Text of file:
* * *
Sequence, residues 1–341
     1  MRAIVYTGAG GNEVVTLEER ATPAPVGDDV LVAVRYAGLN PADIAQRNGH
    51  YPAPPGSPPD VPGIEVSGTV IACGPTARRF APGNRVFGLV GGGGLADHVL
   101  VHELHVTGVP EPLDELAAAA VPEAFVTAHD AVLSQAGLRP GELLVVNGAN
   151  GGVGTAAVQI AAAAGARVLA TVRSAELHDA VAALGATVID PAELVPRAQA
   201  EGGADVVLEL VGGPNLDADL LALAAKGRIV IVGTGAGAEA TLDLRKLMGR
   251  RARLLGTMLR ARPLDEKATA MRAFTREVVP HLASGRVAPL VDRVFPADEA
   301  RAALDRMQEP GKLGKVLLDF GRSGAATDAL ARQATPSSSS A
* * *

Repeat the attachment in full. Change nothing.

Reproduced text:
Sequence, residues 1–341
     1  MRAIVYTGAG GNEVVTLEER ATPAPVGDDV LVAVRYAGLN PADIAQRNGH
    51  YPAPPGSPPD VPGIEVSGTV IACGPTARRF APGNRVFGLV GGGGLADHVL
   101  VHELHVTGVP EPLDELAAAA VPEAFVTAHD AVLSQAGLRP GELLVVNGAN
   151  GGVGTAAVQI AAAAGARVLA TVRSAELHDA VAALGATVID PAELVPRAQA
   201  EGGADVVLEL VGGPNLDADL LALAAKGRIV IVGTGAGAEA TLDLRKLMGR
   251  RARLLGTMLR ARPLDEKATA MRAFTREVVP HLASGRVAPL VDRVFPADEA
   301  RAALDRMQEP GKLGKVLLDF GRSGAATDAL ARQATPSSSS A